July 30, 2004

Vanderbilt one of few to treat patients with rare genetic disease

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Selvi Palaniappan will serve as the primary contact for patients suffering from Von-Hippel-Lindau. Photo by Anne Rayner

Vanderbilt one of few to treat patients with rare genetic disease

The Von Hippel-Lindau (VHL) Family Alliance has designated Vanderbilt as one of only 18 clinical care centers in the United States — and one of only three in the Southeast — for referrals of patients and families with this rare genetic disease.

Occurring in about one in 40,000 people, VHL involves the abnormal development of blood vessels and can lead to knotty growths called angiomas, cysts and tumors in a variety of organs throughout the body. Commonly affected organs include the eyes, brain and spinal cord, kidneys, pancreas, and adrenal glands.

Because the manifestations of the disease are so varied, designated centers are required to have a single point of entry for patients and to ensure coordination with the multitude of specialists who may be involved in their care.

At Vanderbilt, VHL referrals will be coordinated through the Vanderbilt-Ingram Cancer Center’s Family Cancer Risk Service, located in the Village at Vanderbilt and directed by nurse practitioner Susan W. Caro.

The service’s genetic counselor, Selvi Palaniappan, worked with VHL patients in her previous position at Emory University and will serve as the primary contact at Vanderbilt for these patients. She recognized the need for a designated center here and pursued designation by the alliance.

“When patients come to us, their initial conversation will be with someone who knows about VHL and who can help them see all the specialists that they need to see, so they don’t get lost in the system,” said Palaniappan, assistant in Genetic Medicine.

Most VHL patients will be seen annually. These visits will include imaging, including magnetic resonance imaging and abdominal CT scanning, to look for and follow angiomas, cysts and tumors, Palaniappan said.

Because of the risks of serious adrenal gland problems and cancer, patients will see endocrinologist Lewis Blevins, M.D., professor of Medicine, and an oncologist each year. Kidney cancer specialist Jeff Sosman, M.D., professor of Medicine, will see adult VHL patients, while James Whitlock, M.D., Craig-Weaver Associate Professor of Pediatrics and director of Pediatric Oncology, will see children with the disease.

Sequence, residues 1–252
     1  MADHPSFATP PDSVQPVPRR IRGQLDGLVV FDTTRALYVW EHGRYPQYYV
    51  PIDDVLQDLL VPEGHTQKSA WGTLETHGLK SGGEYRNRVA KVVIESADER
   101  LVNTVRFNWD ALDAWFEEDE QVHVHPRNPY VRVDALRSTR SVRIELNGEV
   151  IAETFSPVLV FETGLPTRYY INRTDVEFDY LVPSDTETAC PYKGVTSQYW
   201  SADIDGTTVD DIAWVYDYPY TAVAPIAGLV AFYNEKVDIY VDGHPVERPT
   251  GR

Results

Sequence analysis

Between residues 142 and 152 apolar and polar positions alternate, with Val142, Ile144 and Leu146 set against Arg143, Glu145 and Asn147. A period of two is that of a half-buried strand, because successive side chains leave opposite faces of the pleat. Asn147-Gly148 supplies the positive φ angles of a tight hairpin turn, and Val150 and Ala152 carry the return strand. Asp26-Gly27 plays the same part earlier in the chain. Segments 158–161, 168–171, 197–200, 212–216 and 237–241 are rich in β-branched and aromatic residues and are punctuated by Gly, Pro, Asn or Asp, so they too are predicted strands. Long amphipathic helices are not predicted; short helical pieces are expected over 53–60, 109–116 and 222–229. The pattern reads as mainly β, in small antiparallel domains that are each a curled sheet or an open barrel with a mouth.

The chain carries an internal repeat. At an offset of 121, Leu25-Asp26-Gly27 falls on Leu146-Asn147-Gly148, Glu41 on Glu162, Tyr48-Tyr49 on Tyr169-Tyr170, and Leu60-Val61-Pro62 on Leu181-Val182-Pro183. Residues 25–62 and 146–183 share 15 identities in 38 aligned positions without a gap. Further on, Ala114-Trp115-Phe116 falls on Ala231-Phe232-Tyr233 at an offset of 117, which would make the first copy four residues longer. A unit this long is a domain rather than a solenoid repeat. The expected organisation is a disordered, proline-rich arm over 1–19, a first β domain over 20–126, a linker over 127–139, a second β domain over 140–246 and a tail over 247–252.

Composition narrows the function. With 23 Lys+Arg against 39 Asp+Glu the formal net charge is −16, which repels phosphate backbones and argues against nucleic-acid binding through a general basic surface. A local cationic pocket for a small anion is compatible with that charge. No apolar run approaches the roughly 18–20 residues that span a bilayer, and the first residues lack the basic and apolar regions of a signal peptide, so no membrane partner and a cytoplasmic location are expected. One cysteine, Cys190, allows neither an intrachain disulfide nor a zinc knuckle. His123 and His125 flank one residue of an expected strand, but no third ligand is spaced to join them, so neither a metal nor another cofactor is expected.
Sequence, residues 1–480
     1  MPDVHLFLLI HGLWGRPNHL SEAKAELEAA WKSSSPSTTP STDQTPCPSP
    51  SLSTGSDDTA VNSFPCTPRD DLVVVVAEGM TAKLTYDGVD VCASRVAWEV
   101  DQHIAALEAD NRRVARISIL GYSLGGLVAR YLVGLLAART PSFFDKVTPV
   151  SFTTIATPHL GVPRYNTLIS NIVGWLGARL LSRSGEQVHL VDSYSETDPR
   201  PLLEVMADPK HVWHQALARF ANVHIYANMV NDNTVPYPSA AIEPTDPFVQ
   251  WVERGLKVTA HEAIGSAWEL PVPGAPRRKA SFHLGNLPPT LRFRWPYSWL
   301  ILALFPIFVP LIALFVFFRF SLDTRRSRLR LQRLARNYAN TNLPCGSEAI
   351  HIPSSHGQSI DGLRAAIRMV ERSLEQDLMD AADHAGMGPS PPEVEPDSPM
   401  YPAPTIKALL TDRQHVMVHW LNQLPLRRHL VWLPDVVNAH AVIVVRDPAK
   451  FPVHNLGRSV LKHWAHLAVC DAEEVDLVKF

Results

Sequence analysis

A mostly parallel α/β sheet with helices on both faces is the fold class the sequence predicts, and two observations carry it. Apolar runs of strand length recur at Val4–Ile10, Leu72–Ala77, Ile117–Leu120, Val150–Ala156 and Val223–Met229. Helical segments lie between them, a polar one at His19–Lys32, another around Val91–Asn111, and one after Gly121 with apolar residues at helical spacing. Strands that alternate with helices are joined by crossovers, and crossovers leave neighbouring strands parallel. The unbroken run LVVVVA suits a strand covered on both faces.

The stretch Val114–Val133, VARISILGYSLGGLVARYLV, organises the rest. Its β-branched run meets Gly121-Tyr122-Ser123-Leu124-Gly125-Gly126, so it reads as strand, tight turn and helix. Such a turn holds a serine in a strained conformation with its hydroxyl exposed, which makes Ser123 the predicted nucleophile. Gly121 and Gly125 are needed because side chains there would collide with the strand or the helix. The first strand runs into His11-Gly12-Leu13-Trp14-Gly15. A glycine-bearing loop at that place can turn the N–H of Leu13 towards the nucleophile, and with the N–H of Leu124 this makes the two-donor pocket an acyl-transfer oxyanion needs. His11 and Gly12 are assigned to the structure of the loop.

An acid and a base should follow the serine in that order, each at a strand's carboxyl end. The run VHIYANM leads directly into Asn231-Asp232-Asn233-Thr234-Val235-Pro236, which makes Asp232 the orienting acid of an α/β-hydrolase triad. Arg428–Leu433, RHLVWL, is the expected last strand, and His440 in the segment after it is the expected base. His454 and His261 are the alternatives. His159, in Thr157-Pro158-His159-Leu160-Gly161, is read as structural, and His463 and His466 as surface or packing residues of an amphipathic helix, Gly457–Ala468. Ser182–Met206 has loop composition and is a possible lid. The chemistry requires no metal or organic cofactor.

Annual visits with other specialists will be determined by which organs are affected and what problems any VHL-related growths are causing, Palaniappan said. “The symptoms of the disease are different in every patient.”

The disease gets its name from the two physicians who first described its features. Eugen von Hippel, a German ophthalmologist, described angiomas in the eye around the turn of the 20th century; Arvid Lindau, a Swedish pathologist, described angiomas of the brain and spine in 1926 and went on to compile all the published reports, including those of von Hippel, and to describe changes in different abdominal organs.

It is caused by abnormalities in the VHL gene, whose normal function is as a “tumor suppressor gene” to put the brakes on abnormal cell growth. In most cases, patients inherit an abnormal copy of this gene from a parent, according to alliance literature. In rarer cases, a patient will be the first in a family to have an alteration in this gene but can then pass the abnormal gene to his or her children.

More than 150 different alterations, or mutations, have been identified in VHL. Genetic testing is available to identify many of these mutations.

In addition to coordinating medical care, Caro and Palaniappan will provide counseling and guidance about genetic testing, as well as resources for psychosocial needs.

The only other designated VHL clinical care centers in the United States are at Duke and Wake Forest universities in North Carolina. More information about VHL and the alliance’s clinical care program is available at www.vhl.org.

The Family Cancer Risk Service can be reached at 343-0738 or toll-free at (877)688-7555.